WFU Physics Colloquium
TITLE: Guided Design of Materials: from the sublime (core-shell nanoparticles) to the ridiculous (High-Entropy Alloys*
SPEAKER: Professor Duane D. Johnson
F. Wendell Miller Professor,
Materials Science & Engineering, Iowa State University
Chief Scientist, Ames Laboratory/U.S. DOE,
TIME: Wed. Sep. 20, 2017 at 4:00 PM
PLACE: George P. Williams, Jr. Lecture Hall, (Olin 101)
There will be a reception with refreshments at 3:30 PM in the lounge. All interested persons are cordially invited to attend.
Since the Iron Age, complex alloying effects have yielded desirable and unusual behaviors whose origins were difficult to unravel. Here we address intriguing behavior from alloying that occur in metallic nanoparticles to bulk complex solid solutions.
Core-shell preferences in catalytic metallic nanoparticles have failed to be predicted/explained from almost two decade of experiments, theory, and data science. Yet, simple concepts reveal the key correlations that determine the preferences, and, as a result, such behavior is easily predicted with no calculations, as will be revealed. With today’s data-oriented focus, this shows the necessity for data mining rather than data searching.
High-Entropy Alloys –near equiatomic solid solutions with 5+ elements– have emerged as novel, complex alloys with a variety of attractive properties: simple structures, better mechanical response at higher temperatures, and good oxidation resistance. Alloys at the edge of entropic stability offer prospects to coax them along different transformation pathways. From a design perspective, little is exceptional about HEAs, save maximal entropy, offering a huge space to tune for optimal properties, with only slightly reduced entropy. “High-throughput” KKR-CPA multiple-scattering theory, a Green’s function electronic-structure method, is applied to predict electronic, structural, and enthalpy (global stability) information for N-component HEA, where the coherent potential approximation (CPA) handles chemical disorder during charge self-consistency. Additionally, KKR-CPA-based thermodynamic linear-response yields short-range order (local stability) to guide alloy design, dictated by N(N–1)/2 chemical pair correlations. We exemplify predictions to narrow the N-dimensional design space, and show some experimental validations.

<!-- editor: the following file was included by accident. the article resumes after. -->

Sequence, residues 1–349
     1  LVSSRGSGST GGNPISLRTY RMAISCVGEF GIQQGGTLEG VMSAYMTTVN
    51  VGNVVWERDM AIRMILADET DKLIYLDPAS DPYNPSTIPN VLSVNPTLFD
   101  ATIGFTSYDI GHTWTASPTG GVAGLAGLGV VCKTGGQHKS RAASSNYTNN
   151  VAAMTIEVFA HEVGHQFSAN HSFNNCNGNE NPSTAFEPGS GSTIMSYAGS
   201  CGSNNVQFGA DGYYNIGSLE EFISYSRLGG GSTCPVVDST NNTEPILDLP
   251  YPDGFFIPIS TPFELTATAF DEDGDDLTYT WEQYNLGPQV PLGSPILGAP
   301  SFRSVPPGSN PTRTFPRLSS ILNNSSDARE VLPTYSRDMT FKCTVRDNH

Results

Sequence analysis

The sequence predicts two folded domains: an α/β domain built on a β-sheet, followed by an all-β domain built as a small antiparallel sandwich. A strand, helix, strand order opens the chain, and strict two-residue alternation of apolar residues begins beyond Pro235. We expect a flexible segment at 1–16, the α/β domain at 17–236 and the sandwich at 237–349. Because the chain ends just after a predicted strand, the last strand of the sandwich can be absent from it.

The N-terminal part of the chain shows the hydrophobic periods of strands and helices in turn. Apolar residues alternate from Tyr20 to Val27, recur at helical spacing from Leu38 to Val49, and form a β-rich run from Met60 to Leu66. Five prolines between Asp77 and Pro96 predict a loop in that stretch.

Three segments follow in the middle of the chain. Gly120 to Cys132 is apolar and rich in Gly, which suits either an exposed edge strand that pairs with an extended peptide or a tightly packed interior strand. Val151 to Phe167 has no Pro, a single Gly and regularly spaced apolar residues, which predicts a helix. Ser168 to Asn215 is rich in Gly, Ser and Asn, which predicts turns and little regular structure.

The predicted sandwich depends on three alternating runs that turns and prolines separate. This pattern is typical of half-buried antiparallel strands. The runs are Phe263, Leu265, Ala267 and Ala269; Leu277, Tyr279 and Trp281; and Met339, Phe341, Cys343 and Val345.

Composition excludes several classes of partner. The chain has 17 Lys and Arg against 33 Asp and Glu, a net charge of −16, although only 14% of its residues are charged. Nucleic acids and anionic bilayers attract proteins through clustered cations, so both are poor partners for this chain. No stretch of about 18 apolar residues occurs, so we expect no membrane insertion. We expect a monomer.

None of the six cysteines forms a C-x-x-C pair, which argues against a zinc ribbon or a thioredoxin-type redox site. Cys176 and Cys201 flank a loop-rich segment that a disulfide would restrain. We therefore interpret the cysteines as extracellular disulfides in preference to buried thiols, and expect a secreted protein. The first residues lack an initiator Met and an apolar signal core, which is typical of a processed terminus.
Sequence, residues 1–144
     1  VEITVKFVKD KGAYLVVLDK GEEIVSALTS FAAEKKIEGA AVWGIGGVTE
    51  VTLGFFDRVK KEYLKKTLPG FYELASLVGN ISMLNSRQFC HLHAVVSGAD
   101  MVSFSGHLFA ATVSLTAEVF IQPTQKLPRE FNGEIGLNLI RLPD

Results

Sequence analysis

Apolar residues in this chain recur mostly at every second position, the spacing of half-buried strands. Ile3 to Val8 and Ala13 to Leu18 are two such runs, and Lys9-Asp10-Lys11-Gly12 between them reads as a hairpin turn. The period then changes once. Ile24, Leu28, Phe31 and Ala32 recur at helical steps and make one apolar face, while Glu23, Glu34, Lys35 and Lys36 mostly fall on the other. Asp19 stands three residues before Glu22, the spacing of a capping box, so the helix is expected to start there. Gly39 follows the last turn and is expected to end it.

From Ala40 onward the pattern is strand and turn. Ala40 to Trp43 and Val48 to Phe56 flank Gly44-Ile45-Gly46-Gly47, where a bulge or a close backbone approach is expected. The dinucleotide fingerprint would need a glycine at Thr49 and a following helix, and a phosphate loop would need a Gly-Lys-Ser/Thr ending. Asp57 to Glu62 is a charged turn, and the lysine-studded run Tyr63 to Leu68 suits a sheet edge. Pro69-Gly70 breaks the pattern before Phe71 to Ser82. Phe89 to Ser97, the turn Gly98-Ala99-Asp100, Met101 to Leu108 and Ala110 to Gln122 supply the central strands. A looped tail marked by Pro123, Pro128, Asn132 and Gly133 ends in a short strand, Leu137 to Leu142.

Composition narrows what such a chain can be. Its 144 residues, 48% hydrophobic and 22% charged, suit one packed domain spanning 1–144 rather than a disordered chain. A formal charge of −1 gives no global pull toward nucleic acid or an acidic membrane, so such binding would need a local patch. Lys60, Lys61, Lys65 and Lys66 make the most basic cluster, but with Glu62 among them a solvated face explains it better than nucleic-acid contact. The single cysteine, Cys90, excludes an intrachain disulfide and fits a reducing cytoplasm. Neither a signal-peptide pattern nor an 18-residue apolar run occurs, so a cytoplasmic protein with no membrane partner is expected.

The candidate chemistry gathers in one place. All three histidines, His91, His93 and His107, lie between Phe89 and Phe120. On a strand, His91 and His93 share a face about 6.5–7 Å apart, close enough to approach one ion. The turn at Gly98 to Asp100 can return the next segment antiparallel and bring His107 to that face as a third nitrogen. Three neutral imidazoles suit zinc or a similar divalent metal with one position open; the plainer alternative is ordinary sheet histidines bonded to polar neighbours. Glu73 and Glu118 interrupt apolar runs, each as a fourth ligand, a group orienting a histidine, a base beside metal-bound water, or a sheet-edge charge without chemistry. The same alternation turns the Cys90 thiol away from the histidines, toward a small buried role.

*Supported by the U.S. DOE, Office of Science, Basic Energy Sciences, Materials Science and Engineering Division for theory development, and by the Office of Fossil Energy, Cross-cutting Research program for code validation for HEAs and experimental validation. Ames Laboratory is operated for DOE by ISU under Contract DE-AC02- 07CH11358.